The following is a summary of the presentation given by Dr. Jackie Berning at the 2013 US Lacrosse Sports Medicine Symposium in Philadelphia.
Some athletes are very meticulous about the food and drinks that they put into their body, but others adhere to few nutritional guidelines and lack the basic understanding of best practices.
||Dr. Jackie Berning
So says Jackie Berning, Ph.D, professor of biology at the University of Colorado-Colorado Springs and a member of US Lacrosse’s Sports Science & Safety Committee.
Presenting at the 2013 US Lacrosse Sports Medicine Symposium, Berning painted a disturbing picture of the nutritional practices of the majority of high school, college and professional athletes she encounters. In information gathered through surveys, she noted that 95% of the participants could identify the basic food groups (fruits, vegetables, grains, etc.), but only 45% could identify foods within the groups.
Among the other harsh realities, Berning noted that 30% of athletes skip breakfast, 25% skip lunch, and 85% eat at fast food restaurants at least once per week.
She also highlighted the fact that for athletes in season and for those engaged in daily workouts, consuming carbohydrates within 30 minutes after exercise and again after two hours can help muscles reload and rebuild by replacing glycogen up to 50% quicker. Berning cited chocolate milk as an excellent source for this energy replenishment among younger athletes.
Recovery nutrition is not as critical to athletes during offseason exercise, Berning said, because consuming rehydration beverages and salty foods in routine meals will also help the body to replace lost fluids and electrolytes.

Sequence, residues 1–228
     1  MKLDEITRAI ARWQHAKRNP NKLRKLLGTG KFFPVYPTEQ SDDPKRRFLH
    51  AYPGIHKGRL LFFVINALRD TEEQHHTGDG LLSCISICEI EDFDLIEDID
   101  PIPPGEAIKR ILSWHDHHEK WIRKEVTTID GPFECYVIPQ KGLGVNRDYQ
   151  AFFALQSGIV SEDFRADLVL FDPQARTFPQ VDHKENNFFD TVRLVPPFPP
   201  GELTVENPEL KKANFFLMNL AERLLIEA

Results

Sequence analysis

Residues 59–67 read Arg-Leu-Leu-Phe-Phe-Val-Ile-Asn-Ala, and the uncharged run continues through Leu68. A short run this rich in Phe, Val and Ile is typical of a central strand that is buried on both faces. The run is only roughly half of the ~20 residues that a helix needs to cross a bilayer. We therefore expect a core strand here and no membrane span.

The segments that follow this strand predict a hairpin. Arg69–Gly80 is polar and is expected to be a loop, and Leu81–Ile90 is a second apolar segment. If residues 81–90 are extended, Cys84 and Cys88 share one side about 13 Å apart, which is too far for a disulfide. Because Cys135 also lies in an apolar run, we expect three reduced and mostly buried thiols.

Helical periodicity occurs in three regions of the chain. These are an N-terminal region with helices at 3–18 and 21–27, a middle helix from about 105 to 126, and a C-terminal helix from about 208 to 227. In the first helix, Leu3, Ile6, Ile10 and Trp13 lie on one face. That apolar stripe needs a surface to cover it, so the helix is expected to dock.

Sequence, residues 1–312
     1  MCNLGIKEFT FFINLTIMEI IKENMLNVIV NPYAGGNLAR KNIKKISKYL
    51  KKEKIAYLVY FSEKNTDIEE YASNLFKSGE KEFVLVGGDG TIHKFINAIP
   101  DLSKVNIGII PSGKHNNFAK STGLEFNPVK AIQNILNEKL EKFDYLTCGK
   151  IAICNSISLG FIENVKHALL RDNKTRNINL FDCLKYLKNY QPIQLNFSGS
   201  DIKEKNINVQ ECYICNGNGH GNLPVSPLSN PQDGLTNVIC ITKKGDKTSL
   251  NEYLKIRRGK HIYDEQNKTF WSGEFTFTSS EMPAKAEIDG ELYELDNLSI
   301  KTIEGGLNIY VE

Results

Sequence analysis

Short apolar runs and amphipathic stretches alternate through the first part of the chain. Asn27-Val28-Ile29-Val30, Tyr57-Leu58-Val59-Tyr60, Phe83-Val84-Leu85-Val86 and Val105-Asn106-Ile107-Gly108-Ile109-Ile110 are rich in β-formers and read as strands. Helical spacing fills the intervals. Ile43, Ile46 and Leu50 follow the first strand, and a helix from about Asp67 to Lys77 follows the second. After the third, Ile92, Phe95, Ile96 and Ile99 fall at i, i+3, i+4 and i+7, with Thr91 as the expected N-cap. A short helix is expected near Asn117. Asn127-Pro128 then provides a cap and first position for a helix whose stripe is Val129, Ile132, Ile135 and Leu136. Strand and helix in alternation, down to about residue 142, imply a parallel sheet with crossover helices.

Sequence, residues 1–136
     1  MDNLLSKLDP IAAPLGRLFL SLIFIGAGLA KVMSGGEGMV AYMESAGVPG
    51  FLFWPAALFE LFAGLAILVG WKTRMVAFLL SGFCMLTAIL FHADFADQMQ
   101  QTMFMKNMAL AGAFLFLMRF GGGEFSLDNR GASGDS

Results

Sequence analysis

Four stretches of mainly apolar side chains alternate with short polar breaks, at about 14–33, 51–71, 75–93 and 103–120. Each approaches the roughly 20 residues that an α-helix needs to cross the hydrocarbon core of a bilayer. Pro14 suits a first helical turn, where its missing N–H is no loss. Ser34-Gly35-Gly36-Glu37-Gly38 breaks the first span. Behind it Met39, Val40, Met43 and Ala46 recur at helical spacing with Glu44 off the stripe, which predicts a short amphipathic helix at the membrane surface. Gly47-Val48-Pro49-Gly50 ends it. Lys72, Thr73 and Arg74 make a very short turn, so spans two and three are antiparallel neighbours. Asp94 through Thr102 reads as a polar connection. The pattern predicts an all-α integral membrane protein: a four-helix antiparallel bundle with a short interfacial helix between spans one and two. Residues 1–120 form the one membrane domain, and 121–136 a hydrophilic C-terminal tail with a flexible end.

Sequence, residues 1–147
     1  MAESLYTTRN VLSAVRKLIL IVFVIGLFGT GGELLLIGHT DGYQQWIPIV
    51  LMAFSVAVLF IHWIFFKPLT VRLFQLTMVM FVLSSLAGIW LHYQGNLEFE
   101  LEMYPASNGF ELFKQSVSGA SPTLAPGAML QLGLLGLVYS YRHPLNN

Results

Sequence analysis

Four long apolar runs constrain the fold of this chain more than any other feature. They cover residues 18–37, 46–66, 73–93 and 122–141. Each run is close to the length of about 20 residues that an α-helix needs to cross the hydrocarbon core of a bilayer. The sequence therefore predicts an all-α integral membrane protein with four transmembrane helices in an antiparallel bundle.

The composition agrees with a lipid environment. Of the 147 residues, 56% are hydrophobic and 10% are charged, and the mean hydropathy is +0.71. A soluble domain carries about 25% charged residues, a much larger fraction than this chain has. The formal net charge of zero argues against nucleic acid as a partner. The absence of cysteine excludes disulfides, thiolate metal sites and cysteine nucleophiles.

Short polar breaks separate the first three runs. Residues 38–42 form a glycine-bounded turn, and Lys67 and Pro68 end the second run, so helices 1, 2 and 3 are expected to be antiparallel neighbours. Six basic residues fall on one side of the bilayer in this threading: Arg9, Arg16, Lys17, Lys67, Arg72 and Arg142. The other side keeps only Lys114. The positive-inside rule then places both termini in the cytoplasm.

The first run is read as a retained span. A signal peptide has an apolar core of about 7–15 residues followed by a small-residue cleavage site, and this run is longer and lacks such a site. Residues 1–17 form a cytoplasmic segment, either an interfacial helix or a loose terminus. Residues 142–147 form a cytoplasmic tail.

Guidelines for fluid intake and hydration provided by Berning were 2-3 cups of fluid in pre-exercise mode (2-3 hours prior to exercise) and 1-2 cups approximately 15 minutes before exercise. She also encourages enough fluid to maintain weight during the workout, and three cups of fluid for each pound lost post exercise.
When it comes to dietary supplements, Berning issued a strong "buyer beware" warning, noting that due to the Dietary Supplement Health Education Act (DSHEA) passed by Congress, manufacturers do not need to register their products with the Food & Drug Administration (FDA) or receive FDA approval before producing and selling supplements. The DSHEA simply requires manufacturers to be responsible for ensuring that a supplement or ingredient is safe, not necessarily effective, before it is marketed.
Among these supplements, some of the most popular with athletes today - energy drinks – basically combine fluid with high concentrations of caffeine. Berning noted that users should understand that these drinks are not formulated for athletes, and may in fact cause liver and kidney dysfunction for some users.
Complete notes from Berning’s nutritional presentation and from all the other presentations during the Symposium can be accessed here.